Thursday, 22 June 2017


Sunday morning saw the Gentlemen Pensioners assemble for our traditional post Phalanx game.  This year Steve had organised an ECW scenario based on Cheriton using the Pike and Shotte rules.  There were 4 players per side; (John, Will, Jan and Peter for the Parliamentarians and Ian, Chris, Nick and Dave for the King).   Steve presented both teams with their troops a map and background information and asked them to draw up their plans whilst he and I laid out the table.

A view from the Parliamentarian left flank, Cheriton wood in the foreground and North End in the far distance

A close up of North End
The forces involved were fairly even, Parliament had 408 foot and 124 cavalry, whilst the Royalists had 396 foot and 148 cavalry. When the troops had been deployed there was some surprise that c75% of the Royalist infantry were lined up behind Cheriton wood, with orders to advance through the disordering terrain.  All the Royalist cavalry had been deployed on their right facing North End.  Parliament had meanwhile interspersed their infantry and cavalry along the southern ridge.  Later the Royalist commander explained that their plan was to advance on the flanks, disperse the forces facing them and then turn inwards to 'roll -up' the Parliamentarians on the ridge.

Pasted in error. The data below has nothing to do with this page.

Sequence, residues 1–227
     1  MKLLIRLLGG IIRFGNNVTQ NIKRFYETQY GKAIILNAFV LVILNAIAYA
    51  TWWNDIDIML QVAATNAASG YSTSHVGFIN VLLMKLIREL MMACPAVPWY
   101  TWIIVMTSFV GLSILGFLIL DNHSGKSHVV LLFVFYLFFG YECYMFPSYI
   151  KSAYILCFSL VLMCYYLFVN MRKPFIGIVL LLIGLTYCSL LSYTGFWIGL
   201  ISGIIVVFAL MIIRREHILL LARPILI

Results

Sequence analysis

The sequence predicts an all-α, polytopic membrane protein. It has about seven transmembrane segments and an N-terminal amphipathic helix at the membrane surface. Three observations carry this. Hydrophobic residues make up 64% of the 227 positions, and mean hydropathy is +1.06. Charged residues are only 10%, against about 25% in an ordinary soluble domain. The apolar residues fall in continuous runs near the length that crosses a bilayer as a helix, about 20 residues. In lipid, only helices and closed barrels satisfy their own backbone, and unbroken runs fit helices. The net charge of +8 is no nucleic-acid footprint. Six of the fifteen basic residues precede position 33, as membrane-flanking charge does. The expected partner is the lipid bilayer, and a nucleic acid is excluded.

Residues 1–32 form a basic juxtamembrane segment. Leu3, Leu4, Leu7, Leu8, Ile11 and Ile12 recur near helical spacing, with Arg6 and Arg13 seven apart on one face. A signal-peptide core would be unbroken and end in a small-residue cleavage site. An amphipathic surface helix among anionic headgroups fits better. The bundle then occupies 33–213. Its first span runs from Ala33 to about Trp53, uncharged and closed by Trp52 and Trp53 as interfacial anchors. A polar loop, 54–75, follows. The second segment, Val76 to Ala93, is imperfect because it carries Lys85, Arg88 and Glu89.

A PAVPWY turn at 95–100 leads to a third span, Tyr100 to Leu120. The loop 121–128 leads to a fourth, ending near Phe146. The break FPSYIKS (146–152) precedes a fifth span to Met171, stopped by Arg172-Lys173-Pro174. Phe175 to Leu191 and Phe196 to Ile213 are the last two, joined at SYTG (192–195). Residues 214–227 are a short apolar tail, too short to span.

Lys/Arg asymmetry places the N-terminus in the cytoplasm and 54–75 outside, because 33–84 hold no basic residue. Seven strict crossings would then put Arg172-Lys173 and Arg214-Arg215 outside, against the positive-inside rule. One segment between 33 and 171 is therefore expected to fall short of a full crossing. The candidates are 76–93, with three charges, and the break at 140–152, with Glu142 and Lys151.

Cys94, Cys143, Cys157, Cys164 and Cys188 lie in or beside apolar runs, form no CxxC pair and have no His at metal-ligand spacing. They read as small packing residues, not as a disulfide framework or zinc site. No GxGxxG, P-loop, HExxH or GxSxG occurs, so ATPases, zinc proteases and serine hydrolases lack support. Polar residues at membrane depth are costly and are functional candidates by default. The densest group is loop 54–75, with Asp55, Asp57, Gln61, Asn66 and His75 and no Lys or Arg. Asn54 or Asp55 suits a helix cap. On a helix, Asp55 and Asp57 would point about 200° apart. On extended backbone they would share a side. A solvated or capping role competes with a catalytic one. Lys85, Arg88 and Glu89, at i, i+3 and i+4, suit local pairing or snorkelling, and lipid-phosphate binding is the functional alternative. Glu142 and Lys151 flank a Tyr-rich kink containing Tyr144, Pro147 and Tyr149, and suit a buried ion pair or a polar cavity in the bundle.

Massed ranks of the Royalist cavalry

Parliamentary infantry on the southern ridge

The Royalist infantry prepare to advance
The battle opened with a rather dilatory advance by the Royalist cavalry.  This allowed the Parliamentarians to move up to North End and the hedges nearby unopposed.  The restricting terrain made progress difficult for the cavalry and several units resorted to exchanging pistol shots across the lanes.

Eventually the Royalist cavalry managed to get into position to attack and charged their opponents.

In the ensuing melee the Royalists were defeated, the Parliamentary cavalry made a sweeping advance and won a second melee.  A subsequent advance deep into the Royalist rear forced several units of horse to move across to cover the infantry in the centre.

Meanwhile on the opposite flank the Royalist infantry continued their slow progress through the wood, eventually reaching the line of musketeers sent forward to resist any further advance.